Merge Sort

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					MergeSort




    Source: Gibbs & Tamassia
    MergeSort

       MergeSort is a divide and conquer method of
        sorting




2
    MergeSort Algorithm

       MergeSort is a recursive sorting procedure that
        uses at most O(n lg(n)) comparisons.
       To sort an array of n elements, we perform the
        following steps in sequence:
       If n < 2 then the array is already sorted.
       Otherwise, n > 1, and we perform the following
        three steps in sequence:
        1. Sort the left half of the the array using MergeSort.
        2. Sort the right half of the the array using MergeSort.
        3. Merge the sorted left and right halves.
3
    How to Merge
    Here are two lists to be merged:
      First:  (12, 16, 17, 20, 21, 27)
      Second: (9, 10, 11, 12, 19)
    Compare12 and 9
      First:  (12, 16, 17, 20, 21, 27)
      Second: (10, 11, 12, 19)
      New:    (9)
    Compare 12 and 10
      First:  (12, 16, 17, 20, 21, 27)
      Second: (11, 12, 19)
      New:    (9, 10)
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    Merge Example

    Compare 12 and 11
      First:  (12, 16, 17, 20, 21, 27)
      Second: (12, 19)
      New:     (9, 10, 11)
    Compare 12 and 12
      First:  (16, 17, 20, 21, 27)
      Second: (12, 19)
      New:    (9, 10, 11, 12)



5
    Merge Example

    Compare 16 and 12
      First:  (16, 17, 20, 21, 27)
      Second: (19)
      New:    (9, 10, 11, 12, 12)
    Compare 16 and 19
      First:  (17, 20, 21, 27)
      Second: (19)
      New:     (9, 10, 11, 12, 12, 16)



6
    Merge Example

    Compare 17 and 19
      First:  (20, 21, 27)
      Second: (19)
      New:    (9, 10, 11, 12, 12, 16, 17)


    Compare 20 and 19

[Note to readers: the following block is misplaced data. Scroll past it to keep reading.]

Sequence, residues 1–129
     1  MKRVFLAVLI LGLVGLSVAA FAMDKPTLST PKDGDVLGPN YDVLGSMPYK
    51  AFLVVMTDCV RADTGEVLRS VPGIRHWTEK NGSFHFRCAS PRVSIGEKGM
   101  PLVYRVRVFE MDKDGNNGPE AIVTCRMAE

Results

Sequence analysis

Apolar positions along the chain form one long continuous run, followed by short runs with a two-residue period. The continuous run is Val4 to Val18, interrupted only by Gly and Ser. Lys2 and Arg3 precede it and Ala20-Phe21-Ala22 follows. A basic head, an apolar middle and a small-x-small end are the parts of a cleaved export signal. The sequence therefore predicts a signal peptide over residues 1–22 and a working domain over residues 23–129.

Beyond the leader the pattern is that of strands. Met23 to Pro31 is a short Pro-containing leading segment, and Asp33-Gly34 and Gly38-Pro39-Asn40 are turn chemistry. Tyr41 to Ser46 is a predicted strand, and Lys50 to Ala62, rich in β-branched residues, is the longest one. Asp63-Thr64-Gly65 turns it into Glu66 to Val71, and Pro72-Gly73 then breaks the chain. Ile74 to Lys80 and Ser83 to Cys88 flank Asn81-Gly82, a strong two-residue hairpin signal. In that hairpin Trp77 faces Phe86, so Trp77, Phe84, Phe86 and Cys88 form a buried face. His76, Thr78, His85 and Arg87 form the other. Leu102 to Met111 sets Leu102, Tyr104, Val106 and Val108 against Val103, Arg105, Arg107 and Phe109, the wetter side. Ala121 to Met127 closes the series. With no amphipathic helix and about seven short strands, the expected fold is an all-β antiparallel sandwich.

First:  (20, 21, 27)
      Second: ( )
      New:    (9, 10, 11, 12, 12, 16, 17, 19)

7
    Merge Example

    Checkout 20 and empty list
      First:  ()
      Second: ( )
      New:    (9, 10, 11, 12, 12, 16, 17, 19, 20, 21, 27)




8
    MergeSort

    Original    24   13 26 1 12 27 38 15
    Divide in 2 24   13 26 1     12 27 38   15
    Divide in 4 24   13    26 1     12 27      38 15
    Divide in 8 24      13    26     1      12    27    38    15
    Merge 2     13   24        1 26         12 27       15 38
    Merge 4      1   13 24 26               12 15 27 38
    Merge 8      1   12 13 15 24 26 27 38




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         Merge-Sort Tree
        An execution of merge-sort is depicted by a binary tree
          –   each node represents a recursive call of merge-sort and stores
                  unsorted sequence before the execution and its partition
                  sorted sequence at the end of the execution
          –   the root is the initial call
          –   the leaves are calls on subsequences of size 0 or 1

                              7 2      9 4  2 4 7 9


                     7      2  2 7                  9      4  4 9


                   77            22                99            44

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     Execution Example

        Partition